Educating Rita Willy Russell and the book Piggybook by Anthony Browne

Length: 1470 words

Moving into the world means confronting society. By doing this it involves change both physically, mentally and challenges through obstacles. This is shown in the play “Educating Rita” Willy Russell and the book “Piggybook” by Anthony Browne. Both these texts engage on confronting society and going higher in the working class world. Rita is a twenty-six year old hairdresser from Liverpool who has decided to get a higher education. Not the sort of education that would get her just a better job, but an education that would open up for her a whole new working- class world, a liberal education.

Rita wants to be a different person, and live an altogether different sort of life than she has been living so far. She enrolls in the Open University, a government program that allows non-traditional students to get the kind of higher education that used to be reserved more or less for the offspring of the upper classes. “Educating Rita” describes the trials and transformations that the young hairdresser has to go through to develop from a person with hardly any formal schooling at all into a student who passes her university exams with ease and distinction.

Frank Bryant is a disappointed intellectual who has no real use anymore for literature, culture, or the life of the mind. Frank accepted the offer to be Rita’s tutor in order to support his drinking habit. Introducing working people in particular to the world of higher education seems utterly pointless to him. He himself would much rather go to a pub than spend the evening instructing some disadvantaged student. From Act one, Scene one and two, it is clear that Rita faces several obstacles in her ordinary world. Firstly, her ordinary world strips her of her individuality and prevents her from becoming educated.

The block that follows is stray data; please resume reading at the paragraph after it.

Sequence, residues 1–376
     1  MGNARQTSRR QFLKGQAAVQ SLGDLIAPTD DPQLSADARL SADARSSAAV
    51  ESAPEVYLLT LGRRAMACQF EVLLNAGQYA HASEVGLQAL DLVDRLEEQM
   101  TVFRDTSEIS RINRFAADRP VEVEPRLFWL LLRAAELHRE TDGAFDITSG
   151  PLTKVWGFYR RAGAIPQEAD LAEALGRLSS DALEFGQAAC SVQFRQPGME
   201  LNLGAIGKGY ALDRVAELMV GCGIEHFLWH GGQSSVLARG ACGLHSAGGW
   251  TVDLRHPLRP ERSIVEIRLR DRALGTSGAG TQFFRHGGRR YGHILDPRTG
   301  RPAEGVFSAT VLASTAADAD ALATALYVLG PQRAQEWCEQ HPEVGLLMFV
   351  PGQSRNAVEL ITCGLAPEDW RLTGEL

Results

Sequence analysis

This is because individuals in her ordinary world are tough from an early age not to take schooling seriously as it has already been determined that they will work in the working class world and start a family. In act one Scene one Rita’s journey of moving between worlds is initiated by her determination to discover herself. “see, I don’t wanna baby yet. See I wanna discover myself first” PG 12. Rita tells her teacher Frank that she wants to discover all these things she didn’t know she had and explore her skills before she ends up settling down and having kids with her husband Denny.

Rita confronts the educated society by making her entrance into Franks office easier. She does this by bringing oil to her lesson and oiling the door to make it easier to open. “Rita is standing in the door way holding a small can of oil. ” This is also Rita overcoming a physical obstacle of moving higher into the working class world. “A room on the first floor of a Victorian built university in the North of England. ” The setting is symbolic as it reflects the idea that she wants to leave her working class for a higher class. It is also symbolic of the new world she wants to enter and gain confidence in.

This is reinforced in Act one, Scene two when she says “I’m gunna have a room like this one day”. Rita also had a chance to move up into the upper class world as she was invited to franks house for dinner with a few other upper working class individuals but somehow lost her self confidence as she go to Franks front door, so she turned away and went to the pub where her husband and family where. Rita also left because she saw everyone there and she knew she would not fit in with the others, for example, she told frank that she brought the wrong wine.

Frank then told her “you were invited because I wished to have your company and if you cant believe that then I suggest you stop visiting me and start visiting an analyst who can cope with your paranoia” Page 45. By Frank confronting Rita, it shows that he sees her differences as a positive, whereas Rita hates and wants to change. * * * The picture book ‘Piggybook’ by Anthony Browne is also a book about moving into the real world and confronting society. Mrs Piggott was sick of cleaning, cooking and making beds for her husband and her 2 boys, she decided it was time to go into the real world and discover what she had been missing.